The less-linear story centers around a group of six highly-trained Orbital Drop Shock Troopers (ODSTs), with the player controlling a character known as Rookie. Rookie encounters Covenant forces within New Mombasa as he searches the city for his scattered squadmates.
Among those squadmates is Nathan Fillion’s Edward Buck, who returns in Halo 5: Guardians as a member of Fireteam Osiris.
6. Halo 3 (2552–2553)
The conclusion of the original Halo trilogy, Halo 3 follows Master Chief through the final months of the Human-Covenant War. Chief and the UNSC once again attempt to prevent the Covenant from firing the Halo Array, which would wipe out all sentient life within a 25,000-lightyear radius. The Flood, meanwhile, descends on Earth, introducing a second existential threat to humanity.
Our heroes deal with the threat, and Master Chief leaves us with another unforgettable sendoff as he enters a cryo-chamber aboard the ship Forward Unto Dawn: “Wake me when you need me.”
7. Halo: Spartan Assault (2554)
Halo: Spartan Assault is a spinoff game set between Halo 3 and 4. It’s one of two top-down shooters on this list alongside its sequel, Halo: Spartan Strike. Spartan Assault stars Spartan-IV soldiers Edward Davis and Sarah Palmer in a post-war skirmish against a Covenant faction led by Sangheili warlord Merg Vol. There’s not much added to the overall narrative, though Palmer also appears in Halo 4, 5, and Infinite.
Halo 4 picks up four years after the conclusion of Halo 3, when Cortana awakens Master Chief from the cryosleep to deal with a Covenant threat. Halo 4 puts more emphasis on the relationship between Chief and Cortana, as the latter deals with the early stages of rampancy, a condition in which AI becomes dangerously unstable. The duo, meanwhile, face a new existential threat to humanity in the return of the Forerunners led by a new antagonist, the Didact. Chief explores yet another Halo ring, Installation 03.
We also get debut appearances from Cortana’s creator Dr. Catherin Halsey and a critical Forerunning being known as the Librarian.
9. Halo: Spartan Strike (2557)
Halo: Spartan Strike begins concurrent to Halo 2 in 2552 before jumping to 2557. The narrative consequences of Spartan Strike on the ongoing Halo saga are minimal; the story follows a group of UNSC forces fighting the Covenant while tracking down a Forerunner artifact called the Conduit.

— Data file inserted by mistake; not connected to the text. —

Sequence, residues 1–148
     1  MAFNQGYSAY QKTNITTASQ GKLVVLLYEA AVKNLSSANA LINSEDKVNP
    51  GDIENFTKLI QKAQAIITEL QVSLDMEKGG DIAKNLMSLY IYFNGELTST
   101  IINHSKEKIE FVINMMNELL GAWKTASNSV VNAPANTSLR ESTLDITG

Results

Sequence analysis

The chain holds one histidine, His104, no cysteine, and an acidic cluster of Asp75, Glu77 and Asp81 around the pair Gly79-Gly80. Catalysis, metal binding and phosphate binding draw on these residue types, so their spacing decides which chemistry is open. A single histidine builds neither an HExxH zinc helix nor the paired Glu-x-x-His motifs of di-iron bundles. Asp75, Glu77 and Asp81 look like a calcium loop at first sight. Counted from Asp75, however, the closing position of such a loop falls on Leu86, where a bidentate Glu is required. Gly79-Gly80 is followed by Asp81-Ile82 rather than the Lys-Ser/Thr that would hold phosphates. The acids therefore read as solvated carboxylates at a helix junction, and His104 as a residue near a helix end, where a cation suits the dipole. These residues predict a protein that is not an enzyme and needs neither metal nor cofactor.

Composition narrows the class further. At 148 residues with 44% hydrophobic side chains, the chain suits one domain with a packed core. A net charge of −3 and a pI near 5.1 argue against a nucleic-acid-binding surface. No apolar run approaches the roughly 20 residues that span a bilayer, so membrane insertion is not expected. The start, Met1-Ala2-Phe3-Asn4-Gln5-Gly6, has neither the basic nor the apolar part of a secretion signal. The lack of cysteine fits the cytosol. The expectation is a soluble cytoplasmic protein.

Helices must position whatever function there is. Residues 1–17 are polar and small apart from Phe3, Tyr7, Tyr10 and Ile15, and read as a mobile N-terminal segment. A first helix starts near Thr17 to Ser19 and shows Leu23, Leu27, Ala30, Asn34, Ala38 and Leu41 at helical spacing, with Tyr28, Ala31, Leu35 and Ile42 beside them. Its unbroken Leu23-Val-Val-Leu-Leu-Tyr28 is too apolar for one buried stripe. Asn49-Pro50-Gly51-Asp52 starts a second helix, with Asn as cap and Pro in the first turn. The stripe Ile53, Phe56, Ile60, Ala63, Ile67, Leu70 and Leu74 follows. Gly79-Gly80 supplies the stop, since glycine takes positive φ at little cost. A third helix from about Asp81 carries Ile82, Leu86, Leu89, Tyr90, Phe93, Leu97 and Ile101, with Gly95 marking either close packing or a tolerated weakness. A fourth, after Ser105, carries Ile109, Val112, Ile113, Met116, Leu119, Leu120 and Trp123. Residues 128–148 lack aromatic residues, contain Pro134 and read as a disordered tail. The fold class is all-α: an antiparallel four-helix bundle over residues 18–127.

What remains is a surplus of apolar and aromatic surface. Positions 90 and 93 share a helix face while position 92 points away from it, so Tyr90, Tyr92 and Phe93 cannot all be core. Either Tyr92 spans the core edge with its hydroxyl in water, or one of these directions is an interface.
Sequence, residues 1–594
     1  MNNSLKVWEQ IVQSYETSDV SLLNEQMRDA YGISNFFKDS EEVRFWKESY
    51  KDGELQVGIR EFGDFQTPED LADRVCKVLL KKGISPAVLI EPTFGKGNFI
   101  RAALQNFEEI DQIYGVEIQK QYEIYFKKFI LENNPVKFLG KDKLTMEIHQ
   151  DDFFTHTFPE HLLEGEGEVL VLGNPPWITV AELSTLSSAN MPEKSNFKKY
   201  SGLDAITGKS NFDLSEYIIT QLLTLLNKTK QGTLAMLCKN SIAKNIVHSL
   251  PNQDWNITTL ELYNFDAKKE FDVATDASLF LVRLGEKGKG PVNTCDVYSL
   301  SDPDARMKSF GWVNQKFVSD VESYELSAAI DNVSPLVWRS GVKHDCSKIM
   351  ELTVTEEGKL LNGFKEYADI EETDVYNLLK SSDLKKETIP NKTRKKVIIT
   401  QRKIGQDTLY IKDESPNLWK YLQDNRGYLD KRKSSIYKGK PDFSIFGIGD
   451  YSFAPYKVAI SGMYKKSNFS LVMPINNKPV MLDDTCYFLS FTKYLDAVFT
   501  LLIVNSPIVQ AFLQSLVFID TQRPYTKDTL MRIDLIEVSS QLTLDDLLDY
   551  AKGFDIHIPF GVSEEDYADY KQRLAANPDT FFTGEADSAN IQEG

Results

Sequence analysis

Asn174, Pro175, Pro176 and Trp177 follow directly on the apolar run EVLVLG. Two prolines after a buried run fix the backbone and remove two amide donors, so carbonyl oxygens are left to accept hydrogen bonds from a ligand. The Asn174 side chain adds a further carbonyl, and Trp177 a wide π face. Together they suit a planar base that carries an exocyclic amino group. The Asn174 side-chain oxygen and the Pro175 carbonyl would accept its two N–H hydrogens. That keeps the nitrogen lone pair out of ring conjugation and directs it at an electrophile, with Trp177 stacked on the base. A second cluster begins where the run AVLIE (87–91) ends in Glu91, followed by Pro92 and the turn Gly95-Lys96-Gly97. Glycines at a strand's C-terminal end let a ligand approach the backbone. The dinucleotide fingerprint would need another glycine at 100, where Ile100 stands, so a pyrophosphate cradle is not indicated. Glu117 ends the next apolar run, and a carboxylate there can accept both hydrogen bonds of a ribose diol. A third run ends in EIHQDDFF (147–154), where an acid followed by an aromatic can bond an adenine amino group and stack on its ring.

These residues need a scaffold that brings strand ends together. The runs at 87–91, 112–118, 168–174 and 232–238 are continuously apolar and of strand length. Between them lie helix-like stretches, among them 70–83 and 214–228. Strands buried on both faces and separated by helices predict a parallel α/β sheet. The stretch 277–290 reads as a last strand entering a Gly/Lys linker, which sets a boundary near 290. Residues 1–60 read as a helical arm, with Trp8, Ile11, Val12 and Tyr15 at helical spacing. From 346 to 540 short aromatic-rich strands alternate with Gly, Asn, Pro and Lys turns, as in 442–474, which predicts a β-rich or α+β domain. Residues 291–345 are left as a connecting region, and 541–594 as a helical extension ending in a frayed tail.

10. Halo 5: Guardians (2558)
Considered the poorest of the Halo campaigns, Halo 5 commits the cardinal sin of moving the focus away from the series’ beloved Master Chief in favor of Fireteam Osiris led by Jameson Locke, a Spartan-IV supersoldier tasked with locating the Chief and bringing him back to UNSC leadership.
The story cuts between Fireteam Osiris and Blue Team, who under Master Chief’s command, is on its own mission to track down a rogue, power-hungry Cortana.
11. Halo Wars 2 (2559)
Set between Halo 5 and Halo Infinite, Halo Wars 2 introduces the Brute warlord Atriox, the leader of the Banished and a major antagonist in Halo Infinite.
Halo Wars 2 features the return of Red Team and the Spirit of Fire from the first Halo Wars. The team is awakened after 28 years of cryosleep and arrives at the Ark, where they encounter Atriox and the Banished. Despite poor odds, Red Team sees itself as the shield between the Banished and humanity, and so they fight. The unresolved UNSC-Banished conflict continues in Halo Infinite.
12. Halo Infinite (2560)
The series’ most recent game by chronology and release date is Halo Infinite. It brings the focus back to Master Chief and introduces players to the series’ first open world on Zeta Halo (Installation 07).
Infinite brings the Banished from Halo Wars 2 into the mainline series while introducing another threat in the Endless, an ancient race of beings until now imprisoned by the Forerunners. The Endless are represented in the Infinite campaign by a new character named the Harbinger.
Chief’s new allies include a UNSC pilot named Fernando Esparza and an AI replica of Cortana known as the Weapon. In addition to Atrioix and the Harbinger, Infinite’s lineup of villains includes the Banished War Chief Escharum and the Sangheili Spartan killer Jega.